This show has lots of jokes, but they all come from bringing together devils, angels and heroes in a world of working-class poverty and seeing how they evolve. You see, Satan turns out to be quite a nice guy. When he's not sending his infernal armies of hell to murder your father and torch your village, he's a regular guy. His plan for world domination on Earth involves working very, very hard at McDonald's, earning promotion, rising through the ranks, gaining respect and status in human society and eventually earning a position of power that gives him influence across the entire world. This is hilarious because he looks so pathetic as he says it in his McDonald's uniform... until you realise that he could probably do it. He's immortal and pretty good at most things he attempts.
In other words, he's hell-bent on being the best McDonald's employee you've ever seen. Give him a subordinate (the cute and innocent Chiho) and he'd go to war with an archangel to keep her safe. He even becomes public-spirited. This, paradoxically, infuriates the hero Emilia, who's followed him to Earth and knows it's her duty to kill him. This is complicated when the guy's behaving impeccably and you have a strong moral code.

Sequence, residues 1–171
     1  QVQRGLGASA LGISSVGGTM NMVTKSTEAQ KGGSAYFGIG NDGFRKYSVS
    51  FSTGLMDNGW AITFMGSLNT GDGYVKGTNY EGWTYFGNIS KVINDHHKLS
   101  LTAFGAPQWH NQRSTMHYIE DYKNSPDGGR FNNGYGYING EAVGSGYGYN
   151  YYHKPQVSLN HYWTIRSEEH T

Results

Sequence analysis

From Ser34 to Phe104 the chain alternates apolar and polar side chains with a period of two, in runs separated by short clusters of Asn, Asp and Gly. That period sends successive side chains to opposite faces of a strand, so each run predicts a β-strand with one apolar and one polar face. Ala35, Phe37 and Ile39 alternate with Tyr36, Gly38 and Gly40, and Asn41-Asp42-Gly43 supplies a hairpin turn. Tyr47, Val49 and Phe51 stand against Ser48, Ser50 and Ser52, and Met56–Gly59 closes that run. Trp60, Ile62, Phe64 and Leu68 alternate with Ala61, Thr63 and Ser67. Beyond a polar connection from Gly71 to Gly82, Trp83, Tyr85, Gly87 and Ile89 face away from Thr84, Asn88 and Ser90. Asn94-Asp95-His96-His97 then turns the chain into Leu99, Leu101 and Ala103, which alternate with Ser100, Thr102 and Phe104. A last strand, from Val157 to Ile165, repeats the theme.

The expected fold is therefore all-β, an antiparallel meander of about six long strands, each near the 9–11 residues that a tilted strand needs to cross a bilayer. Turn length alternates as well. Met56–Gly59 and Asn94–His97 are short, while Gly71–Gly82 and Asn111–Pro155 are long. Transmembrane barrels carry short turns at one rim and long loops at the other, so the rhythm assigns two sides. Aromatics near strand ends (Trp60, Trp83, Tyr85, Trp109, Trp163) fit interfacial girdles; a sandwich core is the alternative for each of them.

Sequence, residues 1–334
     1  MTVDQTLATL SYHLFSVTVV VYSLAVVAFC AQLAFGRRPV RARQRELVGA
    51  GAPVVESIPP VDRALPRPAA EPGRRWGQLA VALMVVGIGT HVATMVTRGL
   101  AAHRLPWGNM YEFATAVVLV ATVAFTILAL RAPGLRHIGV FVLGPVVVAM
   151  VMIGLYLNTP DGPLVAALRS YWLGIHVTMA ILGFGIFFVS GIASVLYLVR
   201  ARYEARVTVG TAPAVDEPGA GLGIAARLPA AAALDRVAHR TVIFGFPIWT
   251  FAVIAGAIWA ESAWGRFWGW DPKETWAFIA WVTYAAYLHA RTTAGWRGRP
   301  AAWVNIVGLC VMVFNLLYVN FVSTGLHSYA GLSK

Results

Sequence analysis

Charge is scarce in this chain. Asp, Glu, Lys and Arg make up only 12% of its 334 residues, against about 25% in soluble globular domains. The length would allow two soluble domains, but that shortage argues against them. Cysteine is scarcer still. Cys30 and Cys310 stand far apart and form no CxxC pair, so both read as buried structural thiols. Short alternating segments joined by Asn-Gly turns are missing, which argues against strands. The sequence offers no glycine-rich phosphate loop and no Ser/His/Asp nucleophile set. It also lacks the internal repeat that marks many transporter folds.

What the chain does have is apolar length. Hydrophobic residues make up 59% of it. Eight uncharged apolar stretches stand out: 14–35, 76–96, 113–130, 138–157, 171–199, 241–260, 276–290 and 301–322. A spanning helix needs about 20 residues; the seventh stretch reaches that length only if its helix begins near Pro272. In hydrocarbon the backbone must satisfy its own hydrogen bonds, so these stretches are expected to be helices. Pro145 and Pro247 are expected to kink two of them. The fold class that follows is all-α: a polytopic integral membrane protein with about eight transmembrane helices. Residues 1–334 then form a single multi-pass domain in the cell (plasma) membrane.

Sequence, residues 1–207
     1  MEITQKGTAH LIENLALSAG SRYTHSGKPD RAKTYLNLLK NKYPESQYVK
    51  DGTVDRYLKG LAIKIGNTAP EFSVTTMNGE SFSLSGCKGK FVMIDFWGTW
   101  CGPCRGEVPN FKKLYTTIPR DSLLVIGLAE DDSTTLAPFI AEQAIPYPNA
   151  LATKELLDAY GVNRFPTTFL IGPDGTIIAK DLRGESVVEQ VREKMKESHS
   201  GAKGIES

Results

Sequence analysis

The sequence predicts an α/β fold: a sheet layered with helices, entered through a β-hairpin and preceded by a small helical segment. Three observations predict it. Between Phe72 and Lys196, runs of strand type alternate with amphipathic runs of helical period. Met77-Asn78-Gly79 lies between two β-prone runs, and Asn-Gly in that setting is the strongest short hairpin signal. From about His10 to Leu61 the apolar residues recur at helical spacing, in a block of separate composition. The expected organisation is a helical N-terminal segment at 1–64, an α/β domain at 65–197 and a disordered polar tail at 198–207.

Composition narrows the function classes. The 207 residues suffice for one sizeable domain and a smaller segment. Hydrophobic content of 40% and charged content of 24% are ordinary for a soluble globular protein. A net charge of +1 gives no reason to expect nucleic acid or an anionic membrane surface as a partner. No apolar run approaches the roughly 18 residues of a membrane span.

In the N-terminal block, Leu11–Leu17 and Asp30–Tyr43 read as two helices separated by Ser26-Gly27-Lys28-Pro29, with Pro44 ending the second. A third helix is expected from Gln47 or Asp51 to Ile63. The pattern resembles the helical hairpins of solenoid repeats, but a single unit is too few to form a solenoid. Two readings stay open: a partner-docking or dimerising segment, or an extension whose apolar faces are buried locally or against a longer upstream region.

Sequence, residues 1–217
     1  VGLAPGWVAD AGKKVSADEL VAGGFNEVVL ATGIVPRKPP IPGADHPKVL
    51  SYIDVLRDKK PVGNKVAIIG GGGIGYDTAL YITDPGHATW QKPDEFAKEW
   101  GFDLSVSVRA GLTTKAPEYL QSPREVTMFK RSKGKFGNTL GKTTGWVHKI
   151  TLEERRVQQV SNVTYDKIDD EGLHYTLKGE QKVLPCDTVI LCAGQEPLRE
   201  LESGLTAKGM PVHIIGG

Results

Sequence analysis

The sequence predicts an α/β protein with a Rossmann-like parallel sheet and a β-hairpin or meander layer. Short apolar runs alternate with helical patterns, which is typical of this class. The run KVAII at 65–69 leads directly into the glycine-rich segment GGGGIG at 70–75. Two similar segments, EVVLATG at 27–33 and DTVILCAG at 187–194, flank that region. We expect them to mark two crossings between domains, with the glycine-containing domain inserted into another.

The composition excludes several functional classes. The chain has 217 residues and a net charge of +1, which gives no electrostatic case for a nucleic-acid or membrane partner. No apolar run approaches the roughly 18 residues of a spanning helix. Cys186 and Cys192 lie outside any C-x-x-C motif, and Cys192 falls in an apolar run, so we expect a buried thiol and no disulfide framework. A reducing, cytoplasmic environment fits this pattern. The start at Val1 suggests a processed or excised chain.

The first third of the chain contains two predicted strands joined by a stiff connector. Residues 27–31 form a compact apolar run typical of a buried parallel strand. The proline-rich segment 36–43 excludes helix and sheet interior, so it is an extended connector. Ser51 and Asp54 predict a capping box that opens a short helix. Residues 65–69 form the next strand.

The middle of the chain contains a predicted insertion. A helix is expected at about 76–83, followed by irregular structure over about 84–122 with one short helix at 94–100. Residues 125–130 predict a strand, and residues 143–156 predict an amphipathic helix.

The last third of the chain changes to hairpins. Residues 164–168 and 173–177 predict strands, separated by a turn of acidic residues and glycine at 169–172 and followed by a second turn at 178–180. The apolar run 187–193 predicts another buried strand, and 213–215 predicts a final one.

The cast includes:
(a) Satan, usually in the form of an unremarkable young man. (In his demonic form, he's about eight feet tall and horned.) He grows into the show's hero, which should make this the perfect gift for Christian fundamentalists. You'll be cheering him on as he fights God's emissaries, who are capable of telling their minions that their bloodthirsty orders should be followed without question because they're backed up by the moral authority of heaven.